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Hoffmann, R. A wiki for the life sciences where authorship matters. Nature Genetics (2008)

Synthesis of lysophosphatidylethanolamine analogs that inhibit renin activity.

A series of lysophosphatidylethanolamine analogs containing saturated and methylene-interrupted cis-olefinic fatty chains was synthesized by phosphorylation and phosphonylation of respective fatty alcohols. Arachidonyl- and linolenylphosphorylethanolamines (12, 13), arachidonyl (2-phthalimidoethyl)phosphonate (17), and arachidonyl (2-aminoethyl)phosphonate (18) were found to be effective inhibitors of the renin-renin substrate reaction in vitro; lysophosphatidylethanolamine analogs 14-16 of lesser unsaturation were either weakly active or inactive. In a preliminary study, intramuscular administration of 25 mg/kg/day of arachidonyl (2-aminoethyl)phosphonate (18) to the hypertensive rat caused pronounced reduction (50 mm) in blood pressure within 3 days; upon continued dosage (15 mg/kg/day) of 18 for an additional 4 days, plasma renin activity was found to be 16 ng/0.1 ml/15 hr as compared with 69 ng/0.1 ml/15 hr before initial drug administration. Arachidonic acid (3), arachidonyl alcohol (8), and several corresponding tetraenoid ester, amide, mesylate, and glyceryl ether derivatives (4-7, 10, 11), that are not phosphate or phosphonate esters, were found to exhibit negligible or modest inhibition of renin activity in vitro.[1]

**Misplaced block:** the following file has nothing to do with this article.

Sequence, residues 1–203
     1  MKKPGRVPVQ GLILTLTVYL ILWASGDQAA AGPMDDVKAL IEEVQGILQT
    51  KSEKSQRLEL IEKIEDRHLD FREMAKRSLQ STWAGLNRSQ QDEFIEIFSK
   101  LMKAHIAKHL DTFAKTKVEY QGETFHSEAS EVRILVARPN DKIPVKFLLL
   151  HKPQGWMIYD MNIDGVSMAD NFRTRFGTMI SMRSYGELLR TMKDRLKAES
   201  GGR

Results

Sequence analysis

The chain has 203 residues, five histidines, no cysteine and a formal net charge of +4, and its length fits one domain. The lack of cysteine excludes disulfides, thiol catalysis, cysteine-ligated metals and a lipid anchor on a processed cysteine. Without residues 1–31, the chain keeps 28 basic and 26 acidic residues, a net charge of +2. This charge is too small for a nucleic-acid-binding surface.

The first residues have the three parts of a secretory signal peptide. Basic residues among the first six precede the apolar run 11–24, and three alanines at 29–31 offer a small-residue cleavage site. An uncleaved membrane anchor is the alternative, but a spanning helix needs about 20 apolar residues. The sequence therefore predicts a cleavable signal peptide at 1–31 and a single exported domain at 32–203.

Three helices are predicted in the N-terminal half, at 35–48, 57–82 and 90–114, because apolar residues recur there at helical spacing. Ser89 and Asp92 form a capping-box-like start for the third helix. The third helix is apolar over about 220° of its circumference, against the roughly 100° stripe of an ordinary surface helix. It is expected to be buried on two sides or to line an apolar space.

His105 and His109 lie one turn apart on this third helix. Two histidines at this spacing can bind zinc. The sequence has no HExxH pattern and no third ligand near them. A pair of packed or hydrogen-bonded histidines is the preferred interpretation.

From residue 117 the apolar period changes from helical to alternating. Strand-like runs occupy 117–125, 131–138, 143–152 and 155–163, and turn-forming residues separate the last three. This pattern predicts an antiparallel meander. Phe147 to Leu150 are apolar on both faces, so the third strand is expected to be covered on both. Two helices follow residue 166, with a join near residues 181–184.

1. Synthesis of lysophosphatidylethanolamine analogs that inhibit renin activity. Turcotte, J.G., Yu, C.S., Lee, H.L., Pavanaram, S.K., Sen, S., Smeby, R.R. J. Med. Chem. (1975) [Pubmed]
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